A compositional proof theory for real-time distributed message passing

J.J.M. Hooman

Research output: Chapter in Book/Report/Conference proceedingConference contributionAcademicpeer-review

8 Citations (Scopus)

Abstract

A compositional proof system is given for an OCCAM-like real-time programming language for distributed computing with communication via synchronous message passing. This proof system is based on specifications of processes which are independent of the program text of these processes. These specifications state (1) the assumptions of a process about the behaviour of its environment, and (2) the commitments of that process towards that environment provided these assumptions are met. The proof system is sound w.r.t a denotational semantics which incorporates assumptions regarding actions of the environment, thereby closely approximating the assumption/commitment style of reasoning on which the proof system is based. Concurrency is modelled as "maximal parallelism"; that is, if a process can proceed it will do so immediately. A process only waits when no local action is possible and no partner is available for communication. This maximality property is imposed on the domain of interpretation of assertions by postulating it as separate axiom. The timing behaviour of a system is expressed from the viewpoint of a global external observer, so there is a global notion of time. Time is not necessarily discrete.
Original languageEnglish
Title of host publicationPARLE Parallel Architectures and Languages Europe
Subtitle of host publicationVolume II: Parallel Languages Eindhoven, The Netherlands, June 15–19, 1987 Proceedings
EditorsJ.W. de Bakker, A.J. Nijman, P.C. Treleaven
Place of PublicationBerlin
PublisherSpringer
Chapter18
Pages315-332
Number of pages18
ISBN (Electronic)978-3-540-47181-3
ISBN (Print)3-540-17945-3, 978-3-540-17945-0
DOIs
Publication statusPublished - 1987

Publication series

NameLecture Notes in Computer Science (LNCS)
Volume259
ISSN (Print)0302-9743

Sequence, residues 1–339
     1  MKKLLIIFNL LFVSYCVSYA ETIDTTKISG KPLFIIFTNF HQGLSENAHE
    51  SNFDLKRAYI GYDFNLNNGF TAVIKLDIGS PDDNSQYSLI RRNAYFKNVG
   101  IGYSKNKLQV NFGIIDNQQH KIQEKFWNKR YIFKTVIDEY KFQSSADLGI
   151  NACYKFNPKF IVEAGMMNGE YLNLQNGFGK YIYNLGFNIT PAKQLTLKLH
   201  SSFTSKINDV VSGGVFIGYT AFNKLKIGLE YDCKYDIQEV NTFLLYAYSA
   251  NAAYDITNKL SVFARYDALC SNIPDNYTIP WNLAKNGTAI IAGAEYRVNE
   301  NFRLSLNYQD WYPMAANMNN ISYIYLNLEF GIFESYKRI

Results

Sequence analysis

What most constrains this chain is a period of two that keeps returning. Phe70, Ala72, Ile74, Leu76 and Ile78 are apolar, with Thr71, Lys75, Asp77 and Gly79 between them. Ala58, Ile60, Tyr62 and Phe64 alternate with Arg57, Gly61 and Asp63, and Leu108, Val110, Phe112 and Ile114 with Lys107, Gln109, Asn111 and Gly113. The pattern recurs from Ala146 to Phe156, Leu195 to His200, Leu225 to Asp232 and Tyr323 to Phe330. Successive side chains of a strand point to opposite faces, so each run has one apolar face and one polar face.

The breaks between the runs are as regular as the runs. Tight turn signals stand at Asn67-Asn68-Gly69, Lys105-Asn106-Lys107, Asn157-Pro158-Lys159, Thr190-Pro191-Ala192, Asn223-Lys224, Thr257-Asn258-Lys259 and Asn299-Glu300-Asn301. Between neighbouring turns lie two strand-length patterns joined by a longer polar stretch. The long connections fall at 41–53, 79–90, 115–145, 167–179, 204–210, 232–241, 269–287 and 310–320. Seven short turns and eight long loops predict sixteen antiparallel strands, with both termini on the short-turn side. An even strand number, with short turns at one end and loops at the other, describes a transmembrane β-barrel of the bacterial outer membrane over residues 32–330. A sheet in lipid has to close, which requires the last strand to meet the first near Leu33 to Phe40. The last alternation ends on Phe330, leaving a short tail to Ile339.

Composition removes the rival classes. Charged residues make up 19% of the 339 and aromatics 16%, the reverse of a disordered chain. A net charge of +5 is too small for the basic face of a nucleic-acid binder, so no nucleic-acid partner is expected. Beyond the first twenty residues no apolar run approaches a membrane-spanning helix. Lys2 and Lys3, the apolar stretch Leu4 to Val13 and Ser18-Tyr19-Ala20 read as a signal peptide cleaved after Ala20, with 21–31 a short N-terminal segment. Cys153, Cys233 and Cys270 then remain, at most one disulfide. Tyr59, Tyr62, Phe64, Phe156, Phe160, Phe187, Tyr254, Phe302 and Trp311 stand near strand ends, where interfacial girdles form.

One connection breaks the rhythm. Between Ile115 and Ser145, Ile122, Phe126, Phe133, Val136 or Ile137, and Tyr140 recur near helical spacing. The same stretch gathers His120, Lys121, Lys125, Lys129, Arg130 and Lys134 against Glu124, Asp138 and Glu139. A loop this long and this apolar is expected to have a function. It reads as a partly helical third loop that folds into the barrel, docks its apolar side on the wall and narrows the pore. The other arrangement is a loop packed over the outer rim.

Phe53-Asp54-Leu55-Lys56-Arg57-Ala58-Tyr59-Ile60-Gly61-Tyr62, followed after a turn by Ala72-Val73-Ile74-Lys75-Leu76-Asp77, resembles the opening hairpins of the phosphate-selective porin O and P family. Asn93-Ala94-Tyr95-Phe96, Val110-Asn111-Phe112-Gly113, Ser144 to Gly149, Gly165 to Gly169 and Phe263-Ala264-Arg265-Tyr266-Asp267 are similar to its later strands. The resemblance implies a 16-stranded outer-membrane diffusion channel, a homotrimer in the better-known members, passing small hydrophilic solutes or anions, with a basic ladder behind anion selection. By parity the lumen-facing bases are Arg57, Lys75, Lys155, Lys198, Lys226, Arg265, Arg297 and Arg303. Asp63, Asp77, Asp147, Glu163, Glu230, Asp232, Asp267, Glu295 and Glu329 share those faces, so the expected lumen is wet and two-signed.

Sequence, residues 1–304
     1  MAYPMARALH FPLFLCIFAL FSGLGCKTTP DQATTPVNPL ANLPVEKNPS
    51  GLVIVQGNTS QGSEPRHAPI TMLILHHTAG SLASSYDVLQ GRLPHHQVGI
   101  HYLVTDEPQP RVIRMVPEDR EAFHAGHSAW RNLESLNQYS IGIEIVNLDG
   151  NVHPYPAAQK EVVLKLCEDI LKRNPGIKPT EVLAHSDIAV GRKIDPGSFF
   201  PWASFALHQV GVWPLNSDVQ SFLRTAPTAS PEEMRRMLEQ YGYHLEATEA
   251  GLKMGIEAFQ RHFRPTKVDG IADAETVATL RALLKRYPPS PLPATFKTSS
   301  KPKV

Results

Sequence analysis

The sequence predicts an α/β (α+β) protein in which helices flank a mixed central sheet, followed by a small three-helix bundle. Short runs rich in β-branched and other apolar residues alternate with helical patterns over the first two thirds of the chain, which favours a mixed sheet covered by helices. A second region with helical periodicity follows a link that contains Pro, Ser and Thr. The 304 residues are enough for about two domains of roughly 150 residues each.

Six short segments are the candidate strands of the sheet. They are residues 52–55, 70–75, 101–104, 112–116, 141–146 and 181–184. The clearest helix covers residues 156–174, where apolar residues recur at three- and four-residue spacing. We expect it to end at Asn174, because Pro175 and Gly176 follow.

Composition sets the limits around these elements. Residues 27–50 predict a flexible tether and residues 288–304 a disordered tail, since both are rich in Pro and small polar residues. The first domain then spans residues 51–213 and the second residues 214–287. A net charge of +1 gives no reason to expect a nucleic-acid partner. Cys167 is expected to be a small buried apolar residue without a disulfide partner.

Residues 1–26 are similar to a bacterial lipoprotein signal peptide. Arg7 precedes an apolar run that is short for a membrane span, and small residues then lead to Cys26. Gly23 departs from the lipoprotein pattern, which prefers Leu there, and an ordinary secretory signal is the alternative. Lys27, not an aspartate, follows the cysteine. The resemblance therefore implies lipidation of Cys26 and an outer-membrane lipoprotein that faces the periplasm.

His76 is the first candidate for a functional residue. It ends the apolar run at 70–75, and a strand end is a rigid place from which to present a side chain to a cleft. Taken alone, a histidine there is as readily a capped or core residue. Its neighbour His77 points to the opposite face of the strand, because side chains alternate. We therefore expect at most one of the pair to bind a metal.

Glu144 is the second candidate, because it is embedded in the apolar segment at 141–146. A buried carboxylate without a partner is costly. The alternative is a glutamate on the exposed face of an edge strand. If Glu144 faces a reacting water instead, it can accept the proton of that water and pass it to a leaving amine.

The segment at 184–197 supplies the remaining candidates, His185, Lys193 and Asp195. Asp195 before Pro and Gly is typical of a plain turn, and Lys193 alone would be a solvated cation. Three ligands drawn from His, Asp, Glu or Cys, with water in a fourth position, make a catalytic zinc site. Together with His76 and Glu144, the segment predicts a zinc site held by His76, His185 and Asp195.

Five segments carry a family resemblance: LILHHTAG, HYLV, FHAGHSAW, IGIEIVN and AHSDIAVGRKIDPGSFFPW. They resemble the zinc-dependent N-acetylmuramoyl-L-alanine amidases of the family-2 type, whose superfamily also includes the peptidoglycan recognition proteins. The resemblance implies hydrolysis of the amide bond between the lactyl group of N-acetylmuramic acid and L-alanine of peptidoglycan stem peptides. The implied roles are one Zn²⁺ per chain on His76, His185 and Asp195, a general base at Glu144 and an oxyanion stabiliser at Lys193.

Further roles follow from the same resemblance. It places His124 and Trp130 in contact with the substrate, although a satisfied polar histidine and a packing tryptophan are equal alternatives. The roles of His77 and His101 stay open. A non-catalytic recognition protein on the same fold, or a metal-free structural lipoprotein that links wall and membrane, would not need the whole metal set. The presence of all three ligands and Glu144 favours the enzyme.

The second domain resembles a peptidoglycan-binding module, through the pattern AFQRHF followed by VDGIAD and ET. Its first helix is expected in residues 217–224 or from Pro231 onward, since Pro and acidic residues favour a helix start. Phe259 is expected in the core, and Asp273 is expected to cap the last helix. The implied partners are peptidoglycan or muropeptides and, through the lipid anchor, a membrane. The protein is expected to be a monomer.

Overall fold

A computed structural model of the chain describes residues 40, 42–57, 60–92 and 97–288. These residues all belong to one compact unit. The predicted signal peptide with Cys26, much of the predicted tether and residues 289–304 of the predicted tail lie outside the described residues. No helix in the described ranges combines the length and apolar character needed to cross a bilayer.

Fingerprint

Message passing
Specifications
Communication
Distributed computer systems
Computer programming languages
Semantics
Acoustic waves

Cite this

Hooman, J. J. M. (1987). A compositional proof theory for real-time distributed message passing. In J. W. de Bakker, A. J. Nijman, & P. C. Treleaven (Eds.), PARLE Parallel Architectures and Languages Europe: Volume II: Parallel Languages Eindhoven, The Netherlands, June 15–19, 1987 Proceedings (pp. 315-332). (Lecture Notes in Computer Science (LNCS); Vol. 259). Berlin: Springer. https://doi.org/10.1007/3-540-17945-3_18
Hooman, J.J.M. / A compositional proof theory for real-time distributed message passing. PARLE Parallel Architectures and Languages Europe: Volume II: Parallel Languages Eindhoven, The Netherlands, June 15–19, 1987 Proceedings. editor / J.W. de Bakker ; A.J. Nijman ; P.C. Treleaven. Berlin : Springer, 1987. pp. 315-332 (Lecture Notes in Computer Science (LNCS)).
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Hooman, JJM 1987, A compositional proof theory for real-time distributed message passing. in JW de Bakker, AJ Nijman & PC Treleaven (eds), PARLE Parallel Architectures and Languages Europe: Volume II: Parallel Languages Eindhoven, The Netherlands, June 15–19, 1987 Proceedings. Lecture Notes in Computer Science (LNCS), vol. 259, Springer, Berlin, pp. 315-332. https://doi.org/10.1007/3-540-17945-3_18

A compositional proof theory for real-time distributed message passing. / Hooman, J.J.M.

PARLE Parallel Architectures and Languages Europe: Volume II: Parallel Languages Eindhoven, The Netherlands, June 15–19, 1987 Proceedings. ed. / J.W. de Bakker; A.J. Nijman; P.C. Treleaven. Berlin : Springer, 1987. p. 315-332 (Lecture Notes in Computer Science (LNCS); Vol. 259).

Research output: Chapter in Book/Report/Conference proceedingConference contributionAcademicpeer-review

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Hooman JJM. A compositional proof theory for real-time distributed message passing. In de Bakker JW, Nijman AJ, Treleaven PC, editors, PARLE Parallel Architectures and Languages Europe: Volume II: Parallel Languages Eindhoven, The Netherlands, June 15–19, 1987 Proceedings. Berlin: Springer. 1987. p. 315-332. (Lecture Notes in Computer Science (LNCS)). https://doi.org/10.1007/3-540-17945-3_18